The 2020 ACT Election is drawing to an end. The Conservation Council have now published their scorecard for the major parties, rating them on 15 criteria.
ACT Greens, ACT Labor, Canberra Progressives and Canberra Liberals answer questions. Hosted by the Conversation Council ACT Region.
ACT Election Priorities 2020, The Conservation Council: the election policies in the lead-up to the 2020 ACT Election are on the website “ACT Election 2020 – Our Environment, Our Future”. They are less detailed than last time but follow the same line. Here is the cycling component.
For cycling and walking, little has changed since the 2016 election. What makes sense then still makes sense now. The slow rate of progress building community paths is a major issue. The ACT Government promises much but does little. Here is The Conservation Council report from 2016.
The last check of the Fast Track website showed that no new strategic bike path projects had been added in August 2020. At the current rate, it will take 166 years to double the length of off-road paths suitable for cycling in the ACT.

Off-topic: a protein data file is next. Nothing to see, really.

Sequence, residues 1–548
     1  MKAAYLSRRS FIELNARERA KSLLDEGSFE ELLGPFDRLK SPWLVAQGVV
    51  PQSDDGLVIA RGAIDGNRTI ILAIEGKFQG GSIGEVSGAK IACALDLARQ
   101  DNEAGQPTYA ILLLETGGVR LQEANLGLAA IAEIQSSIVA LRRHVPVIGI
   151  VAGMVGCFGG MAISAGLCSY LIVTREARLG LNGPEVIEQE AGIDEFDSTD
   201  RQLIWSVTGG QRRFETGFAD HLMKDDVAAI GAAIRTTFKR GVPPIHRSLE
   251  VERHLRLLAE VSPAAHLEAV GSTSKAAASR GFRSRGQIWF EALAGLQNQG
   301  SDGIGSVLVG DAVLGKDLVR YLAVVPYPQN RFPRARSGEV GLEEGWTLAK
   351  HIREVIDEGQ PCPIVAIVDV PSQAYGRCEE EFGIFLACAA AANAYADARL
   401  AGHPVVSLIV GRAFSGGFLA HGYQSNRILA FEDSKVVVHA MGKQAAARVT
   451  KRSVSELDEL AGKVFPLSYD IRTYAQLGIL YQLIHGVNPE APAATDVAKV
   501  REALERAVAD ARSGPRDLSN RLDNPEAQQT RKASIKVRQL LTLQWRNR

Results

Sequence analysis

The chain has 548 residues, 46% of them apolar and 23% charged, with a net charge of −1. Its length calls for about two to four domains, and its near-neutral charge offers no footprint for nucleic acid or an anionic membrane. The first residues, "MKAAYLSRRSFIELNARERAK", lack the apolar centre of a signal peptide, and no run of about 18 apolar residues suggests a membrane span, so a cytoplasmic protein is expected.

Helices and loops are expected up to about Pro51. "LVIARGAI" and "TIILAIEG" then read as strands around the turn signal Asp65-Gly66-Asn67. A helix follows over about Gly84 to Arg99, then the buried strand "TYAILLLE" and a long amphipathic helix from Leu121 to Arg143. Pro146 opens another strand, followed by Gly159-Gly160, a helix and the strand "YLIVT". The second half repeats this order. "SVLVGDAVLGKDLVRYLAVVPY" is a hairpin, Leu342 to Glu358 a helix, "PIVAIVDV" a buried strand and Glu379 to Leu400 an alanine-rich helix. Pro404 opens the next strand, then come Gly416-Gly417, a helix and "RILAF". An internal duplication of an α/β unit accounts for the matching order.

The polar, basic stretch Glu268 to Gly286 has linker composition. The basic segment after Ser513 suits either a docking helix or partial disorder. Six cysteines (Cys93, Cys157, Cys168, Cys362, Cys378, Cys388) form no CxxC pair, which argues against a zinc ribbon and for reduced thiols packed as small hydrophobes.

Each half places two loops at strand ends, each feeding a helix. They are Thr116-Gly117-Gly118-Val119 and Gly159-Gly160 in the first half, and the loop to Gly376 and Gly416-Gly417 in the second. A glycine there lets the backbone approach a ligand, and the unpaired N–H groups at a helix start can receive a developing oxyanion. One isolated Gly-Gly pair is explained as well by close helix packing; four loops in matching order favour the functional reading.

Fast Track is an initiative of the ACT Government to counter the economic fallout of COVID-19. The initiative is applauded. Sadly, the benefits for cyclists have been limited. At the current rate, it will take 166 years to double the length of off-road paths suitable for cycling.
Fast Track includes several projects that are strategic bike infrastructure. Pedal Power ACT is still driving its priority list of missing links that have largely remained unchanged since the 2016 ACT Election. The Conservation Council ACT Region has campaigned just as long for active travel and hosted recently a webinar. These initiatives are all most welcome.
Canberra.bike has hardly mentioned ACT Government 2019 Moving Canberra strategy because it added little to the active travel debate. The ACT Conservation Council responded to it in a well-written submission. Between 2015 and 2020 the problems of cycle infrastructure investment remain largely the same in the ACT.